Ya know, hang around the fantasy genre long enough, and chances are pretty good that you might come across a dragon. The reptilian beasties have been either benefiting or terrorizing the human race for hundreds of years and throughout many different cultures. They have been the subject of myths, movies, and books, the level bosses in video games and the eponymous hero of a children’s song that seems to have been inspired by an illicit substance.
Dragons are and have been so popular, they run the risk of becoming passé after several centuries. So, if you’ve wanted to employ a dragon or a dragonesque creature into your fantasy epic but wanted to avoid cliché, why not take a trip around the Internet and see what you can substitute your charming, fire-breathing monstrosity with?
Mythical & Fantasy Creatures is a great storehouse of information when it comes to entities of the unreal. One of the first things I noticed was how simple and uncluttered the site design was. There are categories listed for just about any phylum of creature you’re looking for, from avian to serpentine, large to small (if you’re looking more for division than phylum, plant-like creatures have their own section too).
Click on a category on the left – say, Large Creatures, for instance – and a new page pops up with a helpful definition of what exactly “Large Creatures” is intended to mean. In this case:
“Large sized mythical creatures are a range of fabulous monsters and fantastical creatures, they are from myths, folklore and legends, or in some cases are based upon exaggerated descriptions of real creatures. Other of these creatures origins are from popular modern fiction.”
On the right side of the page is a list of creatures kept in the site’s library. Here I saw listings for massive things like titans, chimera, and manticore. Out of curiosity, I clicked “cockatrice”:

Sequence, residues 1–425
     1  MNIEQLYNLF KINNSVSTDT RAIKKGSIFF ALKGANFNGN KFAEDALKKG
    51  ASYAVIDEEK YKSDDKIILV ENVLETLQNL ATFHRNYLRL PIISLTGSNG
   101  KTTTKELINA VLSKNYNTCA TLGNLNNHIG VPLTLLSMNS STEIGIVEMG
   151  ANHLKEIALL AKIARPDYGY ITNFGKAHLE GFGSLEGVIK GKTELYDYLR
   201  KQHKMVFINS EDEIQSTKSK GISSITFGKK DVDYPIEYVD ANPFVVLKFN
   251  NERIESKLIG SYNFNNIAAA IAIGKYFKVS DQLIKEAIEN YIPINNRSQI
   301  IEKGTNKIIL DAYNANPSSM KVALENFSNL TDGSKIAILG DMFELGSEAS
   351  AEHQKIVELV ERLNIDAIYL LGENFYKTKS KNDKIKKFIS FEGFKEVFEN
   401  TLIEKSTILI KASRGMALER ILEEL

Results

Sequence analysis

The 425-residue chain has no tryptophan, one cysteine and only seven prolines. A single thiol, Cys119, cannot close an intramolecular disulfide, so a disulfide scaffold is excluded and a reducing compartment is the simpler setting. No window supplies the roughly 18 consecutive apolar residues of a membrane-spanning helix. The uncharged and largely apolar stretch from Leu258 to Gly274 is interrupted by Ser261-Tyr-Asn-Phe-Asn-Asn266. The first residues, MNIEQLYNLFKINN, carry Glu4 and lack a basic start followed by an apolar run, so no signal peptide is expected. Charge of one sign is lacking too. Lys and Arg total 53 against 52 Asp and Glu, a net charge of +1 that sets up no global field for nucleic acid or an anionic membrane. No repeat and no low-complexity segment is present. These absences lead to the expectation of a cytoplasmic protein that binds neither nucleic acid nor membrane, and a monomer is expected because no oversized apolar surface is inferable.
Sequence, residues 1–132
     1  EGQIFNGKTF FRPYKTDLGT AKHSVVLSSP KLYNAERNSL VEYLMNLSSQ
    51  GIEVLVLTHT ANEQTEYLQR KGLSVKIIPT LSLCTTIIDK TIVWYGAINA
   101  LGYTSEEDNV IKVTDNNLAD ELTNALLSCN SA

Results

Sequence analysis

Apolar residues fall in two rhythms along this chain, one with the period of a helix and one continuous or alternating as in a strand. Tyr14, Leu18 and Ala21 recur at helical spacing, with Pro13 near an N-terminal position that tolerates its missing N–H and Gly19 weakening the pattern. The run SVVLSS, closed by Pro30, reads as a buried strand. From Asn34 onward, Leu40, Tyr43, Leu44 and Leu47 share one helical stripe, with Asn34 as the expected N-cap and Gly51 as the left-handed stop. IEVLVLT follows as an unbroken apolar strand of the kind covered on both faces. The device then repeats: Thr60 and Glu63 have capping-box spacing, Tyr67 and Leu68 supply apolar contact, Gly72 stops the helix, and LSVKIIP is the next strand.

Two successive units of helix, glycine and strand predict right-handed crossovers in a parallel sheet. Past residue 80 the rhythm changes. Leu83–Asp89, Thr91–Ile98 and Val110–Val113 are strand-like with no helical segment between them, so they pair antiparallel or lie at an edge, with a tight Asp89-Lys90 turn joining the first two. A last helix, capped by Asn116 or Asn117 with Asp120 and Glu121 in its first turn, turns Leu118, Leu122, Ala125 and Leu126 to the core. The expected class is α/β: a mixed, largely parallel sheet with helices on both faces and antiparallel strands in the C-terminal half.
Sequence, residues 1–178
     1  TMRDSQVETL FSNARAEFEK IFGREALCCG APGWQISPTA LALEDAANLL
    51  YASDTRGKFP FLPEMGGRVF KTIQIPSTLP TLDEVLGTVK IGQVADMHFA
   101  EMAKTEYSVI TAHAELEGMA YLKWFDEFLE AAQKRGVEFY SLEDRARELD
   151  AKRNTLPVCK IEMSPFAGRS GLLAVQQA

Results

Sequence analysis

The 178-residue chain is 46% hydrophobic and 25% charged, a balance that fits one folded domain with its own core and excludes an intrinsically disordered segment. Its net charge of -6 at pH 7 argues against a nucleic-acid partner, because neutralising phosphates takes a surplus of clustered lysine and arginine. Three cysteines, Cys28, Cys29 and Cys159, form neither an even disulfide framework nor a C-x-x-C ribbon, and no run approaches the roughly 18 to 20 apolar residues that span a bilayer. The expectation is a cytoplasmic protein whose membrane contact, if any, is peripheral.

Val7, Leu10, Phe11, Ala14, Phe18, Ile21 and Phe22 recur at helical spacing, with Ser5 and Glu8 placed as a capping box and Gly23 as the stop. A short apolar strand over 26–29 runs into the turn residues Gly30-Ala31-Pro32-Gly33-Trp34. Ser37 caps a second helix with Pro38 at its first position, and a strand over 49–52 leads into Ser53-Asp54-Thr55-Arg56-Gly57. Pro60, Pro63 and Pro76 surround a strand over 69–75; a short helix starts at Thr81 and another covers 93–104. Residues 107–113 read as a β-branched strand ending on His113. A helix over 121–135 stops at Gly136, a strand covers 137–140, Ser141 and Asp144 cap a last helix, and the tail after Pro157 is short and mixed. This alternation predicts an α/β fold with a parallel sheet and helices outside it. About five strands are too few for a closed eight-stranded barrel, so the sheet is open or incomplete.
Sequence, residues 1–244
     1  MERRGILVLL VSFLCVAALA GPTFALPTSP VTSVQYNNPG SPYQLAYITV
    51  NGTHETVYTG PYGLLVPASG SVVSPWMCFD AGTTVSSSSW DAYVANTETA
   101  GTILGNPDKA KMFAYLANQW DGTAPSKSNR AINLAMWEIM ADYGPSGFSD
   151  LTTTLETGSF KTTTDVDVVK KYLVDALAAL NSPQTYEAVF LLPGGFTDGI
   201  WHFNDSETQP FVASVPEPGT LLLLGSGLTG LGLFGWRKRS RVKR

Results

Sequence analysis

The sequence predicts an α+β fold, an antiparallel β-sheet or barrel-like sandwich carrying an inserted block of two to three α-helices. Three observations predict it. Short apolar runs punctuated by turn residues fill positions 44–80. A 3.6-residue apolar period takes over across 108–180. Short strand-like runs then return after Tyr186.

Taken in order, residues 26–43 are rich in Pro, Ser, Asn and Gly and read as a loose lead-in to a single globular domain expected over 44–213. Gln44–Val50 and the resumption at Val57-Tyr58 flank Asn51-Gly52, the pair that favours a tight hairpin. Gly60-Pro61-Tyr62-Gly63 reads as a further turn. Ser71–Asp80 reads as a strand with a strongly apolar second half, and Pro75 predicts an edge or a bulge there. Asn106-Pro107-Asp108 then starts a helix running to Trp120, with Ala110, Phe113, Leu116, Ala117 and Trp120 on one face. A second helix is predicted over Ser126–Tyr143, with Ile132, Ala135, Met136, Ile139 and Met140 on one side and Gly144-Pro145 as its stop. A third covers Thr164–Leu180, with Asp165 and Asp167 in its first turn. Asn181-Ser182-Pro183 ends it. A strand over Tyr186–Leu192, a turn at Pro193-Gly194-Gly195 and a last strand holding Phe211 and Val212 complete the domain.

“The Cockatrice is a snake like creature, which has a pair of great wings that are seen to come from that of a great eagle or that are leathery wings like a dragons. Characteristics of a Cockatrice are that it has glowing red eyes with black pupils. Cockatrice has a magical gaze that it can petrify an attacker to stone.”
Dragons? Please! All they can do is set stuff on fire!
Ah, well, anyhow, if you ignore my advice and want to find more inspiration for your dragons anyway, not to worry: Mythical & Fantasy Creatures has a separate section altogether for Dragons and Serpents. What’s more, the site designer wasn’t content to just say “Here. Dragons.” Instead, the visitor is offered the option of learning about fantasy dragons, culturally significant dragons (such as those found in Chinese traditions), and serpents of both land and sea.
The amount of information on each creature varies. Some entries are about a paragraph or less long, some – such as the entry on the kraken – contain tons of information, including historical references to the creatures that, once upon a time, were actually thought to be real. Regardless, what is clearly evident is the amount of love, work, and research that was put into the page.
As if all that weren’t enough, the site also features designations of mythical beasts by culture. Looking to get ideas from the members of the Egyptian pantheon? Want to base a hero off of a Norse god but can’t come up with any ideas than Thor? The site covers Celtic, Mayan, and elemental beasts (fire, water, that kind of thing) in addition to those, and has a whole Greek section off to itself.
Sometimes when coming up with the ultimate monster/friendly creature, a writer often needs help coming up with inspiration. Turning to the classics – especially the ancient classics, born in less cynical days unspoiled by the scientific method – can provide ideas for the unearthly fauna that will roost in the dreams – and maybe the nightmares – of readers for years.